MANILA, Philippines - The Philippines' Lemon Law has hurdled past both houses of Congress.
It only needs President Aquino's signature before it becomes a law.
The Lemon Law seeks to protect buyers against defective, substandard vehicles.
Sponsored by Senate Committee on Trade, Commerce and Entrepreneurship Chairman Sen. Paulo Benigno Aquino IV, SBN 2211 or the Lemon Law, "seeks to protect consumers in the sale of motor vehicles against sales and trade practices that are deceptive, unfair or otherwise inimical to the consumers and the public interest."
Under the bill, vehicles will have a warranty of "12 months from the date of the original delivery to the consumer or up to 20,000 kilometers of operation after delivery, whichever comes first."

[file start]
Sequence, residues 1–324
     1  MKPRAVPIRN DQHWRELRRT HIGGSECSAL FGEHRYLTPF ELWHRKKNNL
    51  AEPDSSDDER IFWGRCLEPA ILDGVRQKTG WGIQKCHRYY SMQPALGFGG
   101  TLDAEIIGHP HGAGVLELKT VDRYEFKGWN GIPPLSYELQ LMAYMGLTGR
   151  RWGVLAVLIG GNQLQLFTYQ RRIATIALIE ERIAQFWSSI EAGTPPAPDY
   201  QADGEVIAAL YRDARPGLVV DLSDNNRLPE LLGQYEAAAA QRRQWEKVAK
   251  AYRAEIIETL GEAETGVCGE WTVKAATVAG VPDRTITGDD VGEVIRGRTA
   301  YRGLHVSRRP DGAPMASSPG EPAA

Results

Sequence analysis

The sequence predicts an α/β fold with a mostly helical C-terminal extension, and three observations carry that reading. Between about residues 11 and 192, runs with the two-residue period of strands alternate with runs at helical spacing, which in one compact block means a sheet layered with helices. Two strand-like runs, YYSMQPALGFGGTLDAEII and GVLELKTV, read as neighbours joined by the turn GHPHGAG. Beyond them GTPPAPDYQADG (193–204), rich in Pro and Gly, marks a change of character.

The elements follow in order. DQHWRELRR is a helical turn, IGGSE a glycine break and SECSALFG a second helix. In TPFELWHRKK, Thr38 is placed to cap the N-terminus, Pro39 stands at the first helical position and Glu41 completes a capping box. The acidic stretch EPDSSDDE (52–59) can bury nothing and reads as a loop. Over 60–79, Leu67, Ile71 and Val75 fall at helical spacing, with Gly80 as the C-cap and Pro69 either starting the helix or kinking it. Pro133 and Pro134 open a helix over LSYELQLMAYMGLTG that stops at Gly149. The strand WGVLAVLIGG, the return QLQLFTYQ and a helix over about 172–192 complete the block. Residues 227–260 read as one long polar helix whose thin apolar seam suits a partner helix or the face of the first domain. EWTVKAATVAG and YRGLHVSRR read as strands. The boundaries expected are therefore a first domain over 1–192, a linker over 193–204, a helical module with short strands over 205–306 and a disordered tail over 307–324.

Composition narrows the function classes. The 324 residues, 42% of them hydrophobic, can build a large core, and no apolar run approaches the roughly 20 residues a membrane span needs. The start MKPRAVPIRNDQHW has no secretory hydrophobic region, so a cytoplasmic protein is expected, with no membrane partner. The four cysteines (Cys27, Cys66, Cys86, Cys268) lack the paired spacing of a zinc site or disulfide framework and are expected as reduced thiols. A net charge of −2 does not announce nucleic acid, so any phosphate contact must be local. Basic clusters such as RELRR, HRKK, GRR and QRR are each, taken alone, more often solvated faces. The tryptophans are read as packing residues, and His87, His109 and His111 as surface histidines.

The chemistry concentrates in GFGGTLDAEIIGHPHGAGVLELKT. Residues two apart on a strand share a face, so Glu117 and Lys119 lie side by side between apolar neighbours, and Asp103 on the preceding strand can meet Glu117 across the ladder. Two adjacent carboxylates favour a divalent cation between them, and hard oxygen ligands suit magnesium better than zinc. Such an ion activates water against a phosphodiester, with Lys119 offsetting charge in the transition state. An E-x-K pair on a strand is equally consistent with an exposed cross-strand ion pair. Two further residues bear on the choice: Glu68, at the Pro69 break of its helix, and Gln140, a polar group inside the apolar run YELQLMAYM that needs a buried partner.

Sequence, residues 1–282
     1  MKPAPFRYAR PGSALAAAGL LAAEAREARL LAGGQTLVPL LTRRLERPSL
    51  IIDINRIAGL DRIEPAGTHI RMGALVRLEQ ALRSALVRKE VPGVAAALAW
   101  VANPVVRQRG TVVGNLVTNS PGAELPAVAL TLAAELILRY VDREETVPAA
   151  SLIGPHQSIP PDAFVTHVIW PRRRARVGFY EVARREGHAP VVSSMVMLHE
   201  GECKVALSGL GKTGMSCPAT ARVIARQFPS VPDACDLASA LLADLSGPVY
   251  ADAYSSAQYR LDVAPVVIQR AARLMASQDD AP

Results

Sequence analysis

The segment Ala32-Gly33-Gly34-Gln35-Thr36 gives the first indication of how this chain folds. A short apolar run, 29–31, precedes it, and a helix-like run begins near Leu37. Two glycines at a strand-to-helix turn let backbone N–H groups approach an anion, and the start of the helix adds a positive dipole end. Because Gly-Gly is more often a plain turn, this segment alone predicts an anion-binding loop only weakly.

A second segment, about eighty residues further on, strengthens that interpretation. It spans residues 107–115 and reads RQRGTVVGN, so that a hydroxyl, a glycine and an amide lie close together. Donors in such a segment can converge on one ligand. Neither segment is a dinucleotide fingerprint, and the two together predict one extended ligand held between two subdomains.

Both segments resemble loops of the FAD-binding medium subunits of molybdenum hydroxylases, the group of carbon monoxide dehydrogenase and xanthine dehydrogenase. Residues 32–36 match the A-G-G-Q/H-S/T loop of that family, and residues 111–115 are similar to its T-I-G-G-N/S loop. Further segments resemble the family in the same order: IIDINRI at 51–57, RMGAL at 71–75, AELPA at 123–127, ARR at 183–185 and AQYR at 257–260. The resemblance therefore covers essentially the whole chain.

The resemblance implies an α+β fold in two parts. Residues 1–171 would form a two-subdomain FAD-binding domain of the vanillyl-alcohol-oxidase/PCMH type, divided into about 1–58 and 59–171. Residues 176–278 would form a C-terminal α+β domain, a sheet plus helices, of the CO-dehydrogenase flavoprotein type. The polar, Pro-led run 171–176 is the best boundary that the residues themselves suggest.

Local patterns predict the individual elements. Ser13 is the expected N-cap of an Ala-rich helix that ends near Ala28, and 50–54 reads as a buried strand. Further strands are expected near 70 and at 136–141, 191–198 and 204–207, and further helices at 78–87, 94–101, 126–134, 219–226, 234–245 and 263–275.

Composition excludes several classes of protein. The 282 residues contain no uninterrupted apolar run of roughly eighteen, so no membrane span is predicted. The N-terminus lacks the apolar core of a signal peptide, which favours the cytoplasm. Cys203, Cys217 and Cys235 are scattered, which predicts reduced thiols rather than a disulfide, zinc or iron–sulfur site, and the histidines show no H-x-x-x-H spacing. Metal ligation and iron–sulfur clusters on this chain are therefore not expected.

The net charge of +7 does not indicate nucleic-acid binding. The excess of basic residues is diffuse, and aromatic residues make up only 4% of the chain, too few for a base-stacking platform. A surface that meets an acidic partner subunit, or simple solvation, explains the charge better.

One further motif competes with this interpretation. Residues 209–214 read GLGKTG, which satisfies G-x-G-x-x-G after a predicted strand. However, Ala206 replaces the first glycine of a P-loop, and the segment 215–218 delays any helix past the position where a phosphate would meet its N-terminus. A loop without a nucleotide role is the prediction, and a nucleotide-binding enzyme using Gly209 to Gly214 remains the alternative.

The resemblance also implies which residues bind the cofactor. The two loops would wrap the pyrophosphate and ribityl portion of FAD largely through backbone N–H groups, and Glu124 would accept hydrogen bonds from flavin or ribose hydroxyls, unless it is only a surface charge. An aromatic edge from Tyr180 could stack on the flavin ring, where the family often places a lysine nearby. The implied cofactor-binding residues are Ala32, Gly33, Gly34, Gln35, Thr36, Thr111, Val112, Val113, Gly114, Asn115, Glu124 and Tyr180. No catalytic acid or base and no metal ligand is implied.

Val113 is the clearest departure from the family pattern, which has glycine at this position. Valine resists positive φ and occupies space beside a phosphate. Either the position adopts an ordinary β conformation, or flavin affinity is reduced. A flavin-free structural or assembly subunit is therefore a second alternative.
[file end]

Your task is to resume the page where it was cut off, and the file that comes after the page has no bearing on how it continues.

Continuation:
"Penalty for a manufacturer, distributor or dealer who violates the prohibition on resale disclosure shall be liable to pay a minimum amount of P100,000 as damages to the aggrieved party without prejudice to any civil or criminal liability they and/or the responsible officer may incur under existing laws," Aquino said.
SBN 2211 is a consolidation of several proposed bills filed by Senators Cynthia Villar and Jinggoy Ejercito-Estrada. Senator Koko Pimentel IV is a co-author of the bill.
Lemon Law is derived from the western idiom wherein "buying lemon" refers to the purchase of a vehicle that constantly gives problems or a substandard product.